Modern Secunderabad was founded as a British cantonment after the Nizam Asaf Jah II was defeated at the hands of the British East India Company and was forced to sign the Treaty of Subsidiary Alliance in the year 1798 AD.[9][10] He had to sign the subsidiary alliance treaty in order to gain the support of the British troops parked in tents in the open areas of the maidan of the village Ulwul, north-east of Hussain Sagar, the lake that separates Secunderabad from its twin city Hyderabad. Later, in 1803, Nizam Sikandar Jah, the third Nizam of Hyderabad, renamed Ulwul as Secunderabad after himself.[9] The city was formed in 1806, after the order was signed by the Nizam alloting the land north of Hussain Sagar to set up the British Cantonment.[11] The twin cities are separated by the man-made Hussain Sagar lake, which was built during the reign of the Qutb Shahi dynasty in the 16th century. Unlike Hyderabad, the official language of Secunderabad was English.[12] Secunderabad was exempted from customs duty on imported goods thus making trade very profitable. Various new markets such as Regimental Bazaar and General Bazaar were created. After the Sepoy Mutiny of 1857, the construction of a seven metre high wall was started at Trimulgherry and completed in 1867.[12] Secunderabad Railway Station one of the largest in India which is also the zonal headquarters of South Central Railway was established in 1874. The King Edward Memorial Hospital, now known as Gandhi Hospital was established in 1851. A Civil Jail (now a heritage building known as Old Jail complex near Monda Market) was also established.[13] Originally constructed in 1860 as the country house of the British Resident at Hyderabad, the Residency House is now known as the Rashtrapati Nilayam, the official retreat of the President of India.[14]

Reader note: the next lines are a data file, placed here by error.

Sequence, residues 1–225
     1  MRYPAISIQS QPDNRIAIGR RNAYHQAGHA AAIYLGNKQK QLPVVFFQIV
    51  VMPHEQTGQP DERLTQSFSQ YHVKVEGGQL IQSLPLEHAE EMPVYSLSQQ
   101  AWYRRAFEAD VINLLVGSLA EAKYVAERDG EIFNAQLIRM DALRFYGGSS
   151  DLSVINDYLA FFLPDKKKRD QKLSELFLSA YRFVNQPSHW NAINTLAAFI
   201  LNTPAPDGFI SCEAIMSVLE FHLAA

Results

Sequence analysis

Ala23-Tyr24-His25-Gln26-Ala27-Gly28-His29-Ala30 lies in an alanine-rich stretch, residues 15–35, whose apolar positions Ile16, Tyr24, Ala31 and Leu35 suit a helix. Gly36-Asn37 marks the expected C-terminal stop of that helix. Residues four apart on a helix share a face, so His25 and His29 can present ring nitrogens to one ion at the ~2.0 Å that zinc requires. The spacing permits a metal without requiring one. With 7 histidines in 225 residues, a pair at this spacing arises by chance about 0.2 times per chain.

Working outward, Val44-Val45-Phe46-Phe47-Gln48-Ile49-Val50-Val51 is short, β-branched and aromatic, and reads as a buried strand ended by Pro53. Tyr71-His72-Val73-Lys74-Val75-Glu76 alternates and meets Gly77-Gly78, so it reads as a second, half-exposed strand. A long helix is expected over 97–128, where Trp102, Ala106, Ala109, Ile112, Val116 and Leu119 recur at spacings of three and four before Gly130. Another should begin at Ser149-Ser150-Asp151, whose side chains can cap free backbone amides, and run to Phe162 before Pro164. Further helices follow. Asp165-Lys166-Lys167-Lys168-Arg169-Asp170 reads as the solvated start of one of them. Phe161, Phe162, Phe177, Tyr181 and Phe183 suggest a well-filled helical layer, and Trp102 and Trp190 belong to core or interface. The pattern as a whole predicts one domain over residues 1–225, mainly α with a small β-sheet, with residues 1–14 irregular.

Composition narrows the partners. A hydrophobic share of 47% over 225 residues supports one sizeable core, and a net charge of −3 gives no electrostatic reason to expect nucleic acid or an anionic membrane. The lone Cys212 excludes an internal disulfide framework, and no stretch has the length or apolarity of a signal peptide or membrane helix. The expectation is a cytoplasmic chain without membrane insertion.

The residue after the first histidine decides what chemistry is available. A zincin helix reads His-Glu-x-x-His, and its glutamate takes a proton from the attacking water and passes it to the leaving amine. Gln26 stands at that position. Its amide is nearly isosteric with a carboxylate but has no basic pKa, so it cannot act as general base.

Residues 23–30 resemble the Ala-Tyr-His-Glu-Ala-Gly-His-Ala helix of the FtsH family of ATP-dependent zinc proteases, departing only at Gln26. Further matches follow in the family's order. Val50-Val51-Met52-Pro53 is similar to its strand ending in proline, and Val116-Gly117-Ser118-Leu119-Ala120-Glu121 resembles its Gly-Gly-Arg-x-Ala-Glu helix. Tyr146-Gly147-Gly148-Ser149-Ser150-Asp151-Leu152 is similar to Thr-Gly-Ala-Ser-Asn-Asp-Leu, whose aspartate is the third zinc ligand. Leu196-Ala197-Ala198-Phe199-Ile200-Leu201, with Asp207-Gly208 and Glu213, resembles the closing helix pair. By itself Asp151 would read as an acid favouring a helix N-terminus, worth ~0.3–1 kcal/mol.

The first car showroom that was opened in Secunderabad in 1912 at James Street, c. 1950
Trimulgherry Entrenchment where British troops were stationed

Sir Winston Churchill, the Prime Minister of the United Kingdom during World War II, was posted in Secunderabad during the 1890s as a subaltern in the British Army.[15] Sir Ronald Ross conducted his initial research on the cause of malaria in the city of Secunderabad.[16] The original building is today called the Sir Ronald Ross Institute and is located on Minister Road.